Jyotika Patel - Portal Developer of the Year 2004
Venkat Tipparam - Java Developer of the Year 2004

Published in Oracle Magazine Nov/Dec 2004

Global Indus Technovators Awards 2004

The 2004 Global Indus Technovators Awards have been announced.

The Global Indus Technovator Awards have been instituted to recognize and felicitate 20 distinguished innovators of Indus origin working at the cutting-edge of technology that may be harnessed for far-reaching applications.

9 Indians in MIT Top 100 Innovator's list

9 Indians achieved their spots in this year's list of "100 Top Innovators" (under the age of 35) chosen by the Massachusetts Institute of Technology's "Technology Review" magazine.

The magazine is accessible only on subscription. Read info at various news web sites. Complete indians list is available at the first link:

Sunday, November 21, 2004

India remains TOP, takes a hatrick with a 7% rise

India remains top, for the third year with an increase of 7% in student enrollment in US universities, while overall enrollment dips by 2.4%, as reported in
Open Doors 2004, the annual report published by the Institute of International Education(IIE).

Posted in a Press release at

India on top at World Communication Awards 2004

Two of the best brands of India, Airtel and Reliance place India on top at the World Communication Awards 2004 by winning 2 of 12 honours. Airtel was voted as the Best Brand and Mukhesh Ambani of Reliance was voted as the Most Influential Person in Communications.

The awards were declared on 11th October,2004 in London.

See all the nominees for "The most influential person in Communications"(the list includes CEOs of all top telecoms, Steve Jobs and Bill Gates), to get a feel of who Mukhesh Ambani has won against, and how much it mean to India to win such an honour.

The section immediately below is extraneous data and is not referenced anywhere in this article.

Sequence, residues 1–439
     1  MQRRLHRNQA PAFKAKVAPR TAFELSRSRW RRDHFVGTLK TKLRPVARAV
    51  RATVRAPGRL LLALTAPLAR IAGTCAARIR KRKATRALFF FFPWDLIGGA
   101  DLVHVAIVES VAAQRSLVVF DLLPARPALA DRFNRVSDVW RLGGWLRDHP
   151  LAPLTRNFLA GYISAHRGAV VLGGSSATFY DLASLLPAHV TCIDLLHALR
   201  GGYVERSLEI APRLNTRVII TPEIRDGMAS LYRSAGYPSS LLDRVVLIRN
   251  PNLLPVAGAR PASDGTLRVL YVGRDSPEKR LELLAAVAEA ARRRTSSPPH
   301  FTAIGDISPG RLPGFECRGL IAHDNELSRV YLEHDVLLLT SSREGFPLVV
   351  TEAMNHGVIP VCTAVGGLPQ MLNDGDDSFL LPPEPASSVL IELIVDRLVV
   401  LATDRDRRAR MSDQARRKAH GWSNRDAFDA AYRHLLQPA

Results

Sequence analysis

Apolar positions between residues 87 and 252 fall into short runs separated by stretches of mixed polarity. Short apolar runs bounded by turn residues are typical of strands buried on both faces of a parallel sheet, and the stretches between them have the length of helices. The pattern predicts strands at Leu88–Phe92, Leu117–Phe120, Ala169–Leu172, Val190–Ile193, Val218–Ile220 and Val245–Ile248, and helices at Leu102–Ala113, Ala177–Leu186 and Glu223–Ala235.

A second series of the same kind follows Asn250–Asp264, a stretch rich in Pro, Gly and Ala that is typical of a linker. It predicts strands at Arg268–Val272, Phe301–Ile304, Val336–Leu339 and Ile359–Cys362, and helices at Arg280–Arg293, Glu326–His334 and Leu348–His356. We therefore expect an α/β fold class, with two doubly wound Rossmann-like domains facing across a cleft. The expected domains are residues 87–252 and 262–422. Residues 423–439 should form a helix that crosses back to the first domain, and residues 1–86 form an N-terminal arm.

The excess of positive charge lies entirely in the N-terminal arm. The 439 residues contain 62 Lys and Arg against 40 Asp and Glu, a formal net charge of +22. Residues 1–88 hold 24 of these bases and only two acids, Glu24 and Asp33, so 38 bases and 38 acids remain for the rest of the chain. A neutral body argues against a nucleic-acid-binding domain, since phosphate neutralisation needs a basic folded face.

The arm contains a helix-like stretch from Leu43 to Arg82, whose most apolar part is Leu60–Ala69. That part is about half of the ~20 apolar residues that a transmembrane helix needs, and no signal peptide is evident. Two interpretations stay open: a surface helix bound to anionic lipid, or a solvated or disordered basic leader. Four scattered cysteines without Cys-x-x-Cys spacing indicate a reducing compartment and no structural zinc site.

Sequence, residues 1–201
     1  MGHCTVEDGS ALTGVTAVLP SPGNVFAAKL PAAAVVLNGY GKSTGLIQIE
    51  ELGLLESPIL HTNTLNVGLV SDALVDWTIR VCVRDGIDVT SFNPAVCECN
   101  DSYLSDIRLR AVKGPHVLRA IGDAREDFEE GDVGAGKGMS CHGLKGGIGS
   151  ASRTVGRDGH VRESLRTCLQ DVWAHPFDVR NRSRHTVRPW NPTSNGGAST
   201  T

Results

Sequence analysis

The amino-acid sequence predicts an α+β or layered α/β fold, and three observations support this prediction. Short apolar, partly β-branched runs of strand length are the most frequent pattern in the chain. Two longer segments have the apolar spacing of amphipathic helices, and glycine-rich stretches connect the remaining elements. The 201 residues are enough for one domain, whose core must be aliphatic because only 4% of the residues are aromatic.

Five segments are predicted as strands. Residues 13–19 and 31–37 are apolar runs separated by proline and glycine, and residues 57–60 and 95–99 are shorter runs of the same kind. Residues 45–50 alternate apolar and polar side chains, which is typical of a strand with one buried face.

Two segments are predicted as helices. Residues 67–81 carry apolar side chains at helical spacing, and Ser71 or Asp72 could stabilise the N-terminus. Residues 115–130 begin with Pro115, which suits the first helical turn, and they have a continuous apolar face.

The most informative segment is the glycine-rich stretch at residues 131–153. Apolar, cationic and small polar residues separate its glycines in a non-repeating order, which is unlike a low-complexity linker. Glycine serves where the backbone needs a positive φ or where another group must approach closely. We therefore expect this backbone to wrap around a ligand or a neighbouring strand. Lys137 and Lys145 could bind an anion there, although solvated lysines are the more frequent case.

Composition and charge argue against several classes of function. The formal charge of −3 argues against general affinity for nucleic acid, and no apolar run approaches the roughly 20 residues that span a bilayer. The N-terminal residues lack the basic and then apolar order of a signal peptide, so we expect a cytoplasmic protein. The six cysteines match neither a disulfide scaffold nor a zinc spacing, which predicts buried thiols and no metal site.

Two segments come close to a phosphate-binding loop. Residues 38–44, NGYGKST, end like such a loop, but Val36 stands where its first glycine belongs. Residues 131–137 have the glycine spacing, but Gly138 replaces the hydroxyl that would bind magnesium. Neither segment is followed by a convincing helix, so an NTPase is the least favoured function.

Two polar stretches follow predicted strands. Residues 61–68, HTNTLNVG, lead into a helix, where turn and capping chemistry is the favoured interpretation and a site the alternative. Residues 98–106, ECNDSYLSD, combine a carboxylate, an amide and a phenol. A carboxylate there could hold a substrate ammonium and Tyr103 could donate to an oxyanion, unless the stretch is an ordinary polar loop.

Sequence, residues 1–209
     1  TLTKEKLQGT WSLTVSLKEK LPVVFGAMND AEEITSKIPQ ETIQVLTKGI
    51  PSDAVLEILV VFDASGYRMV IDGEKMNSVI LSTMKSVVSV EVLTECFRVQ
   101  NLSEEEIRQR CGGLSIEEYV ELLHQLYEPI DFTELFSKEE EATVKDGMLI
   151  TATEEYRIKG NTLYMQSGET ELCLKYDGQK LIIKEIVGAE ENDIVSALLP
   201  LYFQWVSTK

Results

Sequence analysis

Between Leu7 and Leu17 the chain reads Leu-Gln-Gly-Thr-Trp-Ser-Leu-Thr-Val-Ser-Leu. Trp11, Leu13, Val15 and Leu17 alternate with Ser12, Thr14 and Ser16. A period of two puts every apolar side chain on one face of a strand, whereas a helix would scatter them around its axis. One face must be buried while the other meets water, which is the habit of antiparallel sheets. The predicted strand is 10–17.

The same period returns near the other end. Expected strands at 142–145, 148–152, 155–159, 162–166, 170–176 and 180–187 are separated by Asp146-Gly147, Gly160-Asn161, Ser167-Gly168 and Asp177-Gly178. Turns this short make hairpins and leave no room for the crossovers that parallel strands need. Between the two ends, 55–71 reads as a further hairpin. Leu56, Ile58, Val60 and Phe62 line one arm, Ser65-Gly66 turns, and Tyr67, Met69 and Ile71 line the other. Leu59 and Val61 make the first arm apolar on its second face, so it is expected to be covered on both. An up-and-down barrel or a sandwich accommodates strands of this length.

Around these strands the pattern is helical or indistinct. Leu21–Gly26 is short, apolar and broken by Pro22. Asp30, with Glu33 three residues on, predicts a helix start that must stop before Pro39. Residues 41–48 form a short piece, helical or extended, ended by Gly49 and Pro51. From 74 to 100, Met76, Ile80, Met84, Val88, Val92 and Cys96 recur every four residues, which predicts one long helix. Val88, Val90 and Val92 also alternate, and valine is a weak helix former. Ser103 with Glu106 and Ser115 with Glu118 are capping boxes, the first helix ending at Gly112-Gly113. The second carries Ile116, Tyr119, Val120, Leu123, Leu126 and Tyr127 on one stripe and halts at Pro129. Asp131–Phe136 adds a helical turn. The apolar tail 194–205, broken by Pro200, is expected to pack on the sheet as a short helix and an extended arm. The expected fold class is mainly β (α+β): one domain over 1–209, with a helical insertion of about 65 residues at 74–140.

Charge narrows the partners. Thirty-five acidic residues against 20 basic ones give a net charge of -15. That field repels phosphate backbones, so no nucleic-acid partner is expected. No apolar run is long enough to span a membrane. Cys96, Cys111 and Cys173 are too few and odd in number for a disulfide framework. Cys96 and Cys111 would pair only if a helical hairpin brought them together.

Reliance Infocomm


Wednesday, November 17, 2004


"Why is the media here so negative? Why are we in India embarrassed to recognise our own strengths, our achievements? We are such a great nation. We have so many amazing success stories but we refuse to acknowledge them. Why?”
“There are millions of such achievements but our media is only obsessed in the bad news and failures and disasters.”

“In India we only read about death, sickness, terrorism, crime. Why are we so NEGATIVE?”
- Excerpts from a speech by DR. A.P.J. ABDUL KALAM, President of India

I remember this email that was flying around for a long time with title, “A must read for Indians”, with excerpts from a speech made by president Abdul kalam. People read it, praised it, forwarded to all on their buddy lists. After a while, it is forgotten like any other forwarded article. I wish, at least some people would start looking at India little differently and start doing some thing different which might change this shameful image.

Honestly speaking this is true for all news papers, tv channels, plethora of web sites and other communication channels, except one web site, http://www.goodnewsindia.com/. This web site, with a mission to “.. persuade that there is more to India than the stream of depressing stories projects her to be”. Created by DV Sridharan in 1999 with 3 pages of good news about India, and now has over 650,000 unique visitors and over 1 million page views, spells only positive thoughts all through its web pages and show case the achievements and triumphs of the (mostly) un-sung heroes of India, thus setting examples to the fellow Indians to follow. The site is entirely maintained by him self.

"He is a one man army now; with only his Toyota Qualis, and an Apple computer to help him. He designs the site, meets the heroes of India, writes about them, takes pictures with his digital camera, writes two main stories and six supplementary stories a month, uploads them, publishes and replies to all the mail. Whenever a new story appears, all those who have subscribed to the site get a three line alert stating that a new story has been published.” Read the complete story of its beginnings featured on rediff.com titled “Now, for the good news” at

This man’s brave efforts truly exemplify the famous quote, “Action speaks louder than words”. It can, hopefully, also inspire a billion people.

Exotic? Can’t believe it? Visit the web site and read the biggest achievements of the man himself and other fellow Indians.

If you buy stuff from Amazon, follow the Amazon link on this page http://www.goodnewsindia.com/Pages/support/theGNIStory/gniSupport.html , to help support it.